Steps 8-15 deal with the interior & upper hull starting with the gun. The 7.5cm StuK40 L/48 is made up of approximately 26 pieces and well detailed. As for the rest of the interior, you are given 3 nicely detailed radios, a smoke ejector fan, periscopes and handles for the hatches…that’s it. Kind of bare if you want to pose all of the hatches open, especially the drivers compartment. A tricky part here is when attaching the main piece of the upper hull (D1) to the lower hull. I decided to place the gun first and then slip the upper hull over it….that was a mistake. I had a less than joyful time placing the mantlet on after that so lesson learned! Once the upper hull is on you can turn your attention to the skirts. This is where I ran into a small problem. The supports for the rails that hold the skirts are all in plastic, EXCEPT, the rear supports. You have a choice of plastic or 2 pieces of P/E and I’m not sure why. The instructions are a bit vague as to which way you are to bend the P/E and I decided to just go with the plastic. The skirts went on easily after I had enlarged the hole in them just a bit. The instructions for this part of the build were much better and construction went smoothly and quick, as before everything pretty much fit perfectly.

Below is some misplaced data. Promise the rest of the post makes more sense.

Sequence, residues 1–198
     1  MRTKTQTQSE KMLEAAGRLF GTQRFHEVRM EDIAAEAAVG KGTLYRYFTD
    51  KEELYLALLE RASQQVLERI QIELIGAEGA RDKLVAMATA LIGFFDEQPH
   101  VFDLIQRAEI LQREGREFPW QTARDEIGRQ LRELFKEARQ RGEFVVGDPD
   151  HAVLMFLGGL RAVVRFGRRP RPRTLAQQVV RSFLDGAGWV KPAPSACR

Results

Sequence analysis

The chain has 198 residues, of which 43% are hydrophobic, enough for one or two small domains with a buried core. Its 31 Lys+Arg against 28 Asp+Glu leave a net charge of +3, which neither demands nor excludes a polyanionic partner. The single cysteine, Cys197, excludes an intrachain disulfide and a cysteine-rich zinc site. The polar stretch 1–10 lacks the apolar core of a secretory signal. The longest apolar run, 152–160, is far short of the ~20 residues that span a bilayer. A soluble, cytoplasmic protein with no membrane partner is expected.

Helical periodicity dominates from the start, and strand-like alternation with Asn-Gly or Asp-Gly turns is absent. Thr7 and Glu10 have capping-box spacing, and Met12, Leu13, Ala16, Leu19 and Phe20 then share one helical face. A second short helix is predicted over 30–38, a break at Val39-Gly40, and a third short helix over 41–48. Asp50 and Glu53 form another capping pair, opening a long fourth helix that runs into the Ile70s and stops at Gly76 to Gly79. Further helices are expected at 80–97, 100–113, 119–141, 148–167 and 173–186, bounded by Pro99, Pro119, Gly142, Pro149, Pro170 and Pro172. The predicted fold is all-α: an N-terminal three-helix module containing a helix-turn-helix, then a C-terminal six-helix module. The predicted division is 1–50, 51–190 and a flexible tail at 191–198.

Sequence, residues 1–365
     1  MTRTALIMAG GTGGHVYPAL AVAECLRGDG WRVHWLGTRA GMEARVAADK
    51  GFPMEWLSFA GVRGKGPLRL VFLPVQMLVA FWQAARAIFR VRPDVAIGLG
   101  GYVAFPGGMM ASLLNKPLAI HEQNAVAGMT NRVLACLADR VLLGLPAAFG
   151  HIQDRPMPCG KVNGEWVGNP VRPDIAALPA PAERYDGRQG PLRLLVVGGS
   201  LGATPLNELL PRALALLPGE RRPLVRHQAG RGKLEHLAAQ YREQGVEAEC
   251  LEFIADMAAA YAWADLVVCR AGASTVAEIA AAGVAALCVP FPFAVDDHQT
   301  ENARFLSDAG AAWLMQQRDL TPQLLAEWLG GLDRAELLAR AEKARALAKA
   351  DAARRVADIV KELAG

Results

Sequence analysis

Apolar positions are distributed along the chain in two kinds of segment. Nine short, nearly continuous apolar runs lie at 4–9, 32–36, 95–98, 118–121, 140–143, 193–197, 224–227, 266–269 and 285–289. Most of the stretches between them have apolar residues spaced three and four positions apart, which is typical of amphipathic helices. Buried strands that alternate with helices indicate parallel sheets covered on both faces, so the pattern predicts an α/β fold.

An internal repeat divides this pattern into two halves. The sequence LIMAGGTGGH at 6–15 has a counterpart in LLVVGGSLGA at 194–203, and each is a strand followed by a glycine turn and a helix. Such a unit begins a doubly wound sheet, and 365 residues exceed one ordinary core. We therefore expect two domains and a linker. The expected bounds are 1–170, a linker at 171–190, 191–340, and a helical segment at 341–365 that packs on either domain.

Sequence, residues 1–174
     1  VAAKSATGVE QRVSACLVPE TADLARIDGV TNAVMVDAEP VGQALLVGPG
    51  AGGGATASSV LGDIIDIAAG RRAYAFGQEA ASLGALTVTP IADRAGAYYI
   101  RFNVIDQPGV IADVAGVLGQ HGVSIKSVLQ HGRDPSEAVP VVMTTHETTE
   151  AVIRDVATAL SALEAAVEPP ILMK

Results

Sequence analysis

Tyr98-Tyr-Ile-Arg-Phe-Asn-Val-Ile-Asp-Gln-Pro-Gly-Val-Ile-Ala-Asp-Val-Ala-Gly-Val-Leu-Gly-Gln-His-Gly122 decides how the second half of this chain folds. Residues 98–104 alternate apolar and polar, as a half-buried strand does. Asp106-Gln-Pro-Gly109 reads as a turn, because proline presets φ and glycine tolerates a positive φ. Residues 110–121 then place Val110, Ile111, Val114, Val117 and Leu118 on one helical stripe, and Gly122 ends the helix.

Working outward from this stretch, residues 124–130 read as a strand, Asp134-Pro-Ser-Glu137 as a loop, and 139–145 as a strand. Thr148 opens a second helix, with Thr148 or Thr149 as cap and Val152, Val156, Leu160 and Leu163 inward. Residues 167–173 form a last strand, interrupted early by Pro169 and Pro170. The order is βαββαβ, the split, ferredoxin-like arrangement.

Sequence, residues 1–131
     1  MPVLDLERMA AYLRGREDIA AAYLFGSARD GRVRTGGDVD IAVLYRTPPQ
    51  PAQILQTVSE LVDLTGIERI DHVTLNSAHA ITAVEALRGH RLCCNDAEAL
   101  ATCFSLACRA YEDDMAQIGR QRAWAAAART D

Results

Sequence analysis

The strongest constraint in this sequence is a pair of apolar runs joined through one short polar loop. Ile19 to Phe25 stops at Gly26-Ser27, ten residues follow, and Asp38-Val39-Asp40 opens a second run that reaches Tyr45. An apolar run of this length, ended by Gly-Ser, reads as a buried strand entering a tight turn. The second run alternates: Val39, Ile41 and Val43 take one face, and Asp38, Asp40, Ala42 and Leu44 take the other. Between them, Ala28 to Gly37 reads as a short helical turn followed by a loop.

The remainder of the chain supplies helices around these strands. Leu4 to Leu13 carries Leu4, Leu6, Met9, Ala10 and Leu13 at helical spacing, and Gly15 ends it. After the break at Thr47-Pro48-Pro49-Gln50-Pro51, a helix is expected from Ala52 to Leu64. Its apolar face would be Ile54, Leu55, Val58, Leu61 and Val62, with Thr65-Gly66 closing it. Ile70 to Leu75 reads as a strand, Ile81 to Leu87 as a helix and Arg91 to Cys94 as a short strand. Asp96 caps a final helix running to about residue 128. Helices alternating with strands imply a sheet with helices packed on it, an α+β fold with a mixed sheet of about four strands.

The interior was painted with Testors Acrylics, Panzer Interior Buff and a mix of Earth Red & Insignia Red for the floor (My best attempt at the German primer color). I used Tamiya acrylics for the camouflage on the vehicle and skirts. The skirts were primed first with good old rattle can Ace Hardware Primer. The tracks were finished with a primer coat of Tamiya Aircraft Aluminum followed by a coat of Testors Acryl rust then dry brushed with Testors Enamel Steel.


This is at least the 20th boxing of a Stug. by Dragon, with 5 of those being Stug. IVs and because of that there are many, many extra pieces, also it may account for the problems with the instructions. With the exception of the instructions being a bit ‘off’ this kit was pretty easy to build and should not pose any problem for experienced modelers.(Hey, I’m an aircraft guy, and this still came out looking like a Stug!!)

I would like to thank Dragon Models USA for providing this kit, the review corps for letting me build it and all of you for reading it.


Submitted by Paul Conry (not verified) on Tue, 2022-02-22 19:07


Note the difference between the tracks on the box art and the tracks found in the box.  I believe the box art is correct and Dragon followed the path of least resistance and cost.

Add new comment

All comments are moderated to prevent spam

This site is protected by reCAPTCHA and the Google Privacy Policy and Terms of Service apply.